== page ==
Identifiers
    urn:nbn:se:liu:diva-71341 (URN)10.1504/WREMSD.2006.009893 (DOI)
    Available from: 2011-10-12 Created: 2011-10-12 Last updated: 2017-12-08Bibliographically approved
    5. Entrepreneurial policies and the innovation balance matrix: the case of the Arab countries
    Open this publication in new window or tab >>Entrepreneurial policies and the innovation balance matrix: the case of the Arab countries
    2007 (English)In: Science,Technology and Sustainability in the Middle East and North Africa: Section III: Science Technology and Innovation / [ed] Allam Ahmed, Inderscience Enterprises Limited , 2007, p. 158-175Chapter in book (Refereed)
    Abstract [en]

    The issue of the connection between economic progress and the entrepreneurial environment has been investigated by researchers using diverse approaches. One way to investigate the question is to use deductive analysis regarding the forms of capital contributing to the entrepreneurial environment of society. Adli Abouzeedan and Michael Busler were the first to introduce the concept of 'Innovation Capital'. The two researchers argued that Innovation Capital can be used as an indicator for the degree of richness of the entrepreneurial environment. In the same paper, the researchers also introduced the Innovation Balance Matrix (IBAM) as an analytical tool to classify economies based on their entrepreneurial conditions, applying it across the globe. In a later work, the two researchers tried to run a similar IBAM analysis focusing on the Arab world. The two writers found that the best solution to the lack of individual entrepreneurial economies in that region is through what they called the 'additive solution'. In this work, we take their argument deeper and look at the kind of policies that would achieve that solution.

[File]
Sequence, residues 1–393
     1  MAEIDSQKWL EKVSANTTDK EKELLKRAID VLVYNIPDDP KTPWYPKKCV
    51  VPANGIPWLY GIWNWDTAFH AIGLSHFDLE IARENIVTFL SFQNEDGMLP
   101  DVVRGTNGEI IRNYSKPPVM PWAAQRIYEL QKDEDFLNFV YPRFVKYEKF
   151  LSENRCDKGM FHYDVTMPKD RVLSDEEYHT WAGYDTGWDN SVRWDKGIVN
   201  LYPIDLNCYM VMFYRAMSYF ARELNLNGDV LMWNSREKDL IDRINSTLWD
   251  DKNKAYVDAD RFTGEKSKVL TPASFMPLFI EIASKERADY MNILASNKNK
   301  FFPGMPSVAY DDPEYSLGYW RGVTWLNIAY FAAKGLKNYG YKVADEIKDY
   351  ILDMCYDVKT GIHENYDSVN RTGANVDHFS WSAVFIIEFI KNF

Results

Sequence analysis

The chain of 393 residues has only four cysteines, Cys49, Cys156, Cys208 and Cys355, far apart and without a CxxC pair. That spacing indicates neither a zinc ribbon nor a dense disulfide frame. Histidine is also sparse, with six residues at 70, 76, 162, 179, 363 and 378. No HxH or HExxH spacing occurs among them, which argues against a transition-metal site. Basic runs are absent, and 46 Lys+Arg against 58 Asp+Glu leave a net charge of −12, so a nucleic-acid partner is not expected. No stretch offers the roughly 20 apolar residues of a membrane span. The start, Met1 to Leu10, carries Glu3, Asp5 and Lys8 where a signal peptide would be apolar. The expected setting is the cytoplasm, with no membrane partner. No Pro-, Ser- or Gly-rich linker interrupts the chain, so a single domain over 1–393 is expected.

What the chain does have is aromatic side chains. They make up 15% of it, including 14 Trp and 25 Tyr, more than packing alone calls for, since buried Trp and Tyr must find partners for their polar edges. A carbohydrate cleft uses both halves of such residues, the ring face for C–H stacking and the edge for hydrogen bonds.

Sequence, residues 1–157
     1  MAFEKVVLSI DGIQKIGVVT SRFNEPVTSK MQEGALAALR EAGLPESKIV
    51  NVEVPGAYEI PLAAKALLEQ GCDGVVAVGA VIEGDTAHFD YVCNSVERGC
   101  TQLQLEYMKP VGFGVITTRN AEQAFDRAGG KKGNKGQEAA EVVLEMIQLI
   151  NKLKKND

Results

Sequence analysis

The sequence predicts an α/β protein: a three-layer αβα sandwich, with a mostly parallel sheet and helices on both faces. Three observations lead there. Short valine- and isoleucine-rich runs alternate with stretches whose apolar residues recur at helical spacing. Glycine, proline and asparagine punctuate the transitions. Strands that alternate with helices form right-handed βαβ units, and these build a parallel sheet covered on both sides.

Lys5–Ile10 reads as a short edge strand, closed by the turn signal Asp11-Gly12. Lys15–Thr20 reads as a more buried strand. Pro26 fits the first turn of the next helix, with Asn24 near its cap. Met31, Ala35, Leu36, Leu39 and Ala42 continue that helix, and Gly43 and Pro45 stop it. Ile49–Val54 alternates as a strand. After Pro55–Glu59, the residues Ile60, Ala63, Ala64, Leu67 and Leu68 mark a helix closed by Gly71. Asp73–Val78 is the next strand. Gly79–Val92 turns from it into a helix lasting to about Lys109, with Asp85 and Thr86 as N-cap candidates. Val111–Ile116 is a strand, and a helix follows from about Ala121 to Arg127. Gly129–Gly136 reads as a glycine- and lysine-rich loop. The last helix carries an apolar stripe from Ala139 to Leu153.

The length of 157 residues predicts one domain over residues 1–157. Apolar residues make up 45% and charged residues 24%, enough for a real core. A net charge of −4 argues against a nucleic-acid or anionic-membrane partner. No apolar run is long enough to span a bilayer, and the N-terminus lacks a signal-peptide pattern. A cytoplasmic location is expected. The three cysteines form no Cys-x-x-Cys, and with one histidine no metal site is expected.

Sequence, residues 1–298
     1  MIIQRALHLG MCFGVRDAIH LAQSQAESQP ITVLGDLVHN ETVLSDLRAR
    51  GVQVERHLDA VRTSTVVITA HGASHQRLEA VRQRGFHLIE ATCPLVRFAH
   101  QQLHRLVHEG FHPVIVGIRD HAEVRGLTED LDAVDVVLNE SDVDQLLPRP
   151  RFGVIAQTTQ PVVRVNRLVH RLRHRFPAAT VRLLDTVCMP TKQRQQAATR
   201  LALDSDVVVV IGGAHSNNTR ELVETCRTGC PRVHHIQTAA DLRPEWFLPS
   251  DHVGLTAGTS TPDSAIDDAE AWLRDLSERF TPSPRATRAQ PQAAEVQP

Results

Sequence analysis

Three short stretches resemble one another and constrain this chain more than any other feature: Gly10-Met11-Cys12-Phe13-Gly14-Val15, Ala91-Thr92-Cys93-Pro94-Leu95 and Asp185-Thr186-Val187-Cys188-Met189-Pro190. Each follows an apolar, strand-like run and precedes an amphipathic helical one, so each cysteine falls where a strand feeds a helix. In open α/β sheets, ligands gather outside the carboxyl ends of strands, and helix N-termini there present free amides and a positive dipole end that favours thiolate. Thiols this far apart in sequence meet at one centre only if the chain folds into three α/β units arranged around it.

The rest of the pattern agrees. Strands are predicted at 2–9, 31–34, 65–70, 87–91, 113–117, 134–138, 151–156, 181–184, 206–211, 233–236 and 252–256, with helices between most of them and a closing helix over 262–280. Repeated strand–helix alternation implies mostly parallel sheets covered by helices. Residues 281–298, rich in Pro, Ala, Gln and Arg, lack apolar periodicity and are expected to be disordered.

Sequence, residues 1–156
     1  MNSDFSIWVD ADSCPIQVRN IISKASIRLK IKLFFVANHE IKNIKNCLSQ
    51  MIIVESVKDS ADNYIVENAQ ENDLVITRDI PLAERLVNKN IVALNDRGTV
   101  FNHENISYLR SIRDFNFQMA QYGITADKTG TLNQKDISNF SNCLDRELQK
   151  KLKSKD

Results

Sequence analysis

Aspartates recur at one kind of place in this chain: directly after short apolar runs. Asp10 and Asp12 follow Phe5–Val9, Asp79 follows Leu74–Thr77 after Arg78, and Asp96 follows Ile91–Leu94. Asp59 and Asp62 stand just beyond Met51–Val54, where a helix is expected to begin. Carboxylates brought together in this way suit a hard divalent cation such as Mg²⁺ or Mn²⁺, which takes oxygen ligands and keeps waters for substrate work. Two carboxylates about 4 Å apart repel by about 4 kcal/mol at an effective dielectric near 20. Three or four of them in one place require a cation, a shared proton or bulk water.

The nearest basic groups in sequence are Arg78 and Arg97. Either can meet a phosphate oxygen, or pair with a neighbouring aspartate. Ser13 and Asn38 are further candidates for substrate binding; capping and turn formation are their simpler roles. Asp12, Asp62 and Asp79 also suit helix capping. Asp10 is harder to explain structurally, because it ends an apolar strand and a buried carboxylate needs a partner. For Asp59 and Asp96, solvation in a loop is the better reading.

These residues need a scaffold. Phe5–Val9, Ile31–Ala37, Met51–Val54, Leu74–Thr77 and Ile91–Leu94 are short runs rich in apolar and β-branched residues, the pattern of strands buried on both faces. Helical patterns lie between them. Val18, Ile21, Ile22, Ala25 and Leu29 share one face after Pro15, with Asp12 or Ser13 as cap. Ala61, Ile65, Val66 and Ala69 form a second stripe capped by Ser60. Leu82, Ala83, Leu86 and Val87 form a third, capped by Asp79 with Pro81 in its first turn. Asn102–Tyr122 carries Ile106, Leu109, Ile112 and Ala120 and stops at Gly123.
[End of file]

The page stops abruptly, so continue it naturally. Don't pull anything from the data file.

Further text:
Place, publisher, year, edition, pages
    Inderscience Enterprises Limited, 2007
    Series
    Globalisation, Technology and Sustainable Development Book Series
    National Category
    Economics and Business
    Identifiers
    urn:nbn:se:liu:diva-71342 (URN)0-907776-30-2 (ISBN)0-907776-32-9 (ISBN)
    Available from: 2011-10-12 Created: 2011-10-12 Last updated: 2011-11-21Bibliographically approved
    6. Managing Innovation in a Globalised Economy: Defining the Open Capital
    Open this publication in new window or tab >>Managing Innovation in a Globalised Economy: Defining the Open Capital
    2009 (English)In: World Sustainable Development Outlook 2009. The Impact of the Global Financial Crisis on the Environment, Energy and Sustainable Development / [ed] Allam Ahmed, World Association for Sustainable Development , 2009, p. 287-294Chapter in book (Refereed)
    Abstract [en]

    Economies develop different levels of entrepreneurial capacity depending on the degree of availability of tangible as well as intangible resources. In an earlier work by Abouzeedan and Busler (2006), a new type of capital, that is, innovation capital, has been suggested to serve as an indicator for the degree of richness of the entrepreneurial environment in an economy. Innovation capital incorporates the concepts of human capital, financial capital and system capital. However, the issue of accessibility and openness in the innovation process also need to be reflected in the innovation capital concept. Innovation activities in the modern economies are growing to become more interconnected and open in their nature. In this paper, we defined and incorporated a new component within the innovation capital, namely open capital. We also reflected on how the four components of the innovation capital concept, including the open capital, are interconnected.

    Place, publisher, year, edition, pages
    World Association for Sustainable Development, 2009
    Keywords
    Open Capital, Human Capital, Financial Capital, System Capital, Innovation Capital, Open Innovation, Open Innovation Management
    National Category
    Economics and Business
    Identifiers
    urn:nbn:se:liu:diva-71344 (URN)978-1-907106-05-7 (ISBN)
    Available from: 2011-10-12 Created: 2011-10-12 Last updated: 2011-11-21Bibliographically approved